Katie is a public interest lawyer living in Chicago with her husband, a basil plant named Boris, and a staggeringly large collection of cookbooks. She has very strong feelings about public schools, letterpress stationary, and beer. (And hair, obviously.)
Hello, I’m Katie, and I’m guilty of hair neglect.
If Whoorl is a hair savant, I was, for many years, a hair dunce. I rocked the frizz. Mousy color. Cowlicks galore. Unfortunate breakage around the face. I didn’t even use conditioner. In short: fluffy-haired disaster.
Here’s the thing: I don’t expend a lot of effort on my hair. I suppose I could get up a little earlier, spend a little more money on products, get a haircut more often than every 4-6 months. But…I don’t. I like my hair to look not horrible, but if it’s going to take a lot of time/money/effort, it’s just not going to happen.
The good news is this: after 30 years on this planet, I have figured out several tricks to making your hair look not horrible without a lot of time/money/effort. And now, I am here guest editing at Hair Thursday to share the joys of low-maintenance hair with you.
First, I should probably share my philosophy of what it means to be “low-maintenance”. For me, a low maintenance hairstyle has three main characteristics:
(1) it is easily and relatively quickly achieved in the morning;
(2) it does not require frequent, expensive salon visits; and
(3) it does not require a lot of pricey products.
It’s important to note that for me, low maintenance does NOT mean “wash and wear.” If you are one of those people who can look presentable with wash and wear hair, that must be very nice for you. I don’t want to hear about it. I’ve done a lot of wash and wear in my day, people, and it is not pretty (see “fluffy-haired disaster,” above.)
All right, now that we’re acquainted, time for Katie’s Low Maintenance Hair Lesson #1: Get thee a stylist you like and trust, and get thee the proper cut.
(a) Get thee a stylist you like and trust
Why is it so important to find a stylist? After all, you’re low maintenance! You’re not the prissy type who has her beauty professionals on speed dial! Trust me, it took me a long time to learn this one, and it is important. If you’re only going for a cut 3-4 times a year, the person cutting your hair has to rock. When you find the haircut that works, you do NOT want to try to explain it from scratch to whatever random 20 year old happens to be manning the hair chair the next time you go in for a cut. Cultivate a relationship with someone who actually LISTENS to you, and who can remember what she did last time, so she can replicate it.
(Note: In your quest to find the perfect stylist, you do not necessarily want to go to the trendiest or fanciest salon in your ‘hood. Why? Because their ideal clients are people who get highlights, and glossing treatments, and haircuts named after celebrities. None of these things are low maintenance.)
(b) Get thee the proper cut.
I know, I know, easy for me to say. This will depend on your hair type, thickness, preferred length range, and tendency to pouf. But here are some general hints:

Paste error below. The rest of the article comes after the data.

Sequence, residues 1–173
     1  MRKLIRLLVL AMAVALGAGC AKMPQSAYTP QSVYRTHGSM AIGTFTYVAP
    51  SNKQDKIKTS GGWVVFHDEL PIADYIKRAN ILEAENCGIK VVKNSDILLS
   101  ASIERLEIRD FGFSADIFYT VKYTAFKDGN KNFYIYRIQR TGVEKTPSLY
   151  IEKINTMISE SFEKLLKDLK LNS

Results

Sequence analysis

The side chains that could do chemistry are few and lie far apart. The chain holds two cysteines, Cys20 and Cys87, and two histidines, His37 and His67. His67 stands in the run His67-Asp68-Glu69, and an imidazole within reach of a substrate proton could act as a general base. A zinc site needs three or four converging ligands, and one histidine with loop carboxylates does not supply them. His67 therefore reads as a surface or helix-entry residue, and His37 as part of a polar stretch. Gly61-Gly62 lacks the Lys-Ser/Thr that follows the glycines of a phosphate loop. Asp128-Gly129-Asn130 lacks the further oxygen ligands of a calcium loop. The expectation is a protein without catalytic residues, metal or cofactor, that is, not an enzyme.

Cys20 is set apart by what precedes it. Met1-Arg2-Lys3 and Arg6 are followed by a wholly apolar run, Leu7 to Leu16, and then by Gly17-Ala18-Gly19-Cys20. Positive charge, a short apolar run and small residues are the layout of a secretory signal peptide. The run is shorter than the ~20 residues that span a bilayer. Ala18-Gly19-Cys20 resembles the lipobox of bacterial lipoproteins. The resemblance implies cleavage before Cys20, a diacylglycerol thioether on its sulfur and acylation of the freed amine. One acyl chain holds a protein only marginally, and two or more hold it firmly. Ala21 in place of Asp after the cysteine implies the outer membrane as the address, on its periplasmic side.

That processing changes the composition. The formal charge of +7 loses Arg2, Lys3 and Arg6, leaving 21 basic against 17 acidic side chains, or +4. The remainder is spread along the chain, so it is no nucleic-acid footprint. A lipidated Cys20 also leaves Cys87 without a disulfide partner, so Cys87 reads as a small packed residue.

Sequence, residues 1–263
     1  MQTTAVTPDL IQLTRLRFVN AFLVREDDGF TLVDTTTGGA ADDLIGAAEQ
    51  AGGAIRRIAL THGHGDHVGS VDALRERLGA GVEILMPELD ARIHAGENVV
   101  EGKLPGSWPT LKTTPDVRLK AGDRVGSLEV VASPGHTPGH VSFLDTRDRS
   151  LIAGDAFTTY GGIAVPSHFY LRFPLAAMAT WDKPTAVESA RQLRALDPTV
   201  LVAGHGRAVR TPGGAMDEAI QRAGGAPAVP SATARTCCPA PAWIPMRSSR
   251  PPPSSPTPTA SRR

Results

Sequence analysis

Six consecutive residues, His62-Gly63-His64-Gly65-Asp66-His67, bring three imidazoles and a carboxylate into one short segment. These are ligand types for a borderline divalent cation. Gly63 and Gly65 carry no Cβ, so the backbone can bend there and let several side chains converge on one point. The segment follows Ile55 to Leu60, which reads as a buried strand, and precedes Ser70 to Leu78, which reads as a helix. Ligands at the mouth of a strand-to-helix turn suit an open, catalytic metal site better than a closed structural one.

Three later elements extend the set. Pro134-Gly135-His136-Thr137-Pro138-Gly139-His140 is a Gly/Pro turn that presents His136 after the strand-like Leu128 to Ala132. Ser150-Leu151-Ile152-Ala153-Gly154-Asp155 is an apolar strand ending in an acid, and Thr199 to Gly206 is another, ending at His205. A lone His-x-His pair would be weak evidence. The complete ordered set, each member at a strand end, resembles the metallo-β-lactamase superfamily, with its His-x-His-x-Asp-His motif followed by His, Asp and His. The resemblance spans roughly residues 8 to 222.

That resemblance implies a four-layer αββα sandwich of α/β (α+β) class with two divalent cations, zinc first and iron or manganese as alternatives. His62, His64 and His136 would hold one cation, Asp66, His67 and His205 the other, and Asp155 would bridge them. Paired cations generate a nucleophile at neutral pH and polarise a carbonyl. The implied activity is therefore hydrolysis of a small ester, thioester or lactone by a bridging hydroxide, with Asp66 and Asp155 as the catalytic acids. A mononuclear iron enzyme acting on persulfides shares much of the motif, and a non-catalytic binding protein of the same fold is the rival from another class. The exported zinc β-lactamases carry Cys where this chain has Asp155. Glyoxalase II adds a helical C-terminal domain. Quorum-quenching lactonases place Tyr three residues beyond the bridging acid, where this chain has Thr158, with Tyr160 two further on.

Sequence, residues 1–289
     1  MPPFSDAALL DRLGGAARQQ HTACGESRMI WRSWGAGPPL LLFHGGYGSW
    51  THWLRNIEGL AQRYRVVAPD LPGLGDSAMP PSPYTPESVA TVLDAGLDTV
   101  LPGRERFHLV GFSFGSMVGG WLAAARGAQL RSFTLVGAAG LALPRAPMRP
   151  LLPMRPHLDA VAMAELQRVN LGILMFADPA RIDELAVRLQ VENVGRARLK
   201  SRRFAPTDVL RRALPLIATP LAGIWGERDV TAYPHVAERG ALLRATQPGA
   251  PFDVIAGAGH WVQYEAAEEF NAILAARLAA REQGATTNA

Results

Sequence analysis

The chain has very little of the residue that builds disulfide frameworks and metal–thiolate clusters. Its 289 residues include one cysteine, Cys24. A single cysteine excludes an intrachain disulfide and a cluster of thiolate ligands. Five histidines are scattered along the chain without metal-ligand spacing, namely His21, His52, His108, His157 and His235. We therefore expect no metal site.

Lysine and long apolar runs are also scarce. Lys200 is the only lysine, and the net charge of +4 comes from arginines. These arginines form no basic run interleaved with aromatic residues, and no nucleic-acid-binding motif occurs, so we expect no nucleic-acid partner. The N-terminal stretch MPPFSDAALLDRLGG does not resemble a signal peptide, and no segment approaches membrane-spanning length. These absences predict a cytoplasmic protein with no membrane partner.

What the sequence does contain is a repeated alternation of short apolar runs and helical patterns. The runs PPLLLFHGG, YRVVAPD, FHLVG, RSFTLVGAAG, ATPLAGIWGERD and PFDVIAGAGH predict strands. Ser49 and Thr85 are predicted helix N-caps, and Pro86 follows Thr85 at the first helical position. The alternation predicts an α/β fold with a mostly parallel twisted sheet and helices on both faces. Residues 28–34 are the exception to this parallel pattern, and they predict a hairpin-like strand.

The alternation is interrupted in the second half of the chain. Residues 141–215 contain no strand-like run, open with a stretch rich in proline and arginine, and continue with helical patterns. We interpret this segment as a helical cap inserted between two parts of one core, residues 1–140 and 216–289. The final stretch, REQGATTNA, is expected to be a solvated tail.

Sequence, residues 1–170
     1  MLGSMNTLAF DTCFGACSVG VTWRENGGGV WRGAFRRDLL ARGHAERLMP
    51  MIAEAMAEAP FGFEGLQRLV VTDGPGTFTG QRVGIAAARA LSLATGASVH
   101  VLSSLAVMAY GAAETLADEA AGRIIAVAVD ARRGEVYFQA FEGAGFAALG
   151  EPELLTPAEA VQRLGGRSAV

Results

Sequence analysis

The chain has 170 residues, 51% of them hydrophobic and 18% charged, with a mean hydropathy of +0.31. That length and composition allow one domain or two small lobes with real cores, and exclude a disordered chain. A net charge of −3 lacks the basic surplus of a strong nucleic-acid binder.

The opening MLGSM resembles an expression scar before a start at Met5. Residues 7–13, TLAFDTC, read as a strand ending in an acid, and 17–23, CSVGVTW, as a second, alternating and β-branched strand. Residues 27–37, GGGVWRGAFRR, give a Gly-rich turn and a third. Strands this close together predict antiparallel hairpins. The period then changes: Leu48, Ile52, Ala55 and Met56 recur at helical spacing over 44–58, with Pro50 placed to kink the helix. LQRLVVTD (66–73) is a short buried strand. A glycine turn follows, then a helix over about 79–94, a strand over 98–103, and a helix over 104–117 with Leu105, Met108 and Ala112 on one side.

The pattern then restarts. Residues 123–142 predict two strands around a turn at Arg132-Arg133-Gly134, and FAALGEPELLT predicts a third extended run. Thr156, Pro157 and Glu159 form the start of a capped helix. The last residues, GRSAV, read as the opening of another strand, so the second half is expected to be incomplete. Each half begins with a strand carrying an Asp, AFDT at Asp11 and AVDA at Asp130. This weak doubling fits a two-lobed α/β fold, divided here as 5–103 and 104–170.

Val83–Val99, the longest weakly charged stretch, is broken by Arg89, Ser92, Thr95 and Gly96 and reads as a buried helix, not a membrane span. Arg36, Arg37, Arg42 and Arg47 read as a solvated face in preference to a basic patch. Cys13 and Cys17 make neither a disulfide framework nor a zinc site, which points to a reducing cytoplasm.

- Longer is easier. Short sassy cuts can be really fun and pretty, but short cut = more frequent trips to the salon for upkeep. If you lack the time or inclination to get to the salon regularly, a cut that is shoulder-length or longer will serve you well. Plus, with longer hair you always have the ponytail option.
- Choose long layers. Long layers will give you a cut with nice movement and shape, and (key point, this) are very forgiving as they grow out. An all-one-length cut can start to look straggly and uneven after only a few weeks. With some well-snipped long layers you can go months between haircuts. Beware, however, layers that are too short or too thin- if your hair is fine, the longest layer can start to look a little wispy and sad, and if you have any wave in your hair things can get very poufy. Here is a helpful illustration:
low maintenance layers:
Mark Von Holden/WireImage.com
decidedly NOT low maintenance layers:
- Consider the cowlicks. Know your cowlicks, and do not choose a hairstyle that is going to require you to constantly battle against the way your hair wants to grow.
- Embrace side bangs. (Even if you have a cowlick in the front of your head.) Look at me, contradicting myself! The one place where I think it’s worth it to break the “don’t fight the cowlick” rule is with side bangs. I have a very large, frightening cowlick in the front of my head (plus a widow’s peak! Bonus!) but I have happily sported side bangs for over 5 years now. Side bangs mask a lot of flaws, particularly breakage/frizziness around the face. Also, if you ever wear a ponytail, side bangs make things look a lot more polished. Generally speaking, the addition of some side bangs makes you look like you have a “hairstyle” as opposed to “a bunch of strands growing out of my head with no obvious plan or organizing principle”.
There! That’s a start. Tune in for future adventures in Achieving Low Maintenance Hair, including color tips, product recommendations, how to stay low maintenance while traveling, and detailed instructions for low maintenance special occasion hair.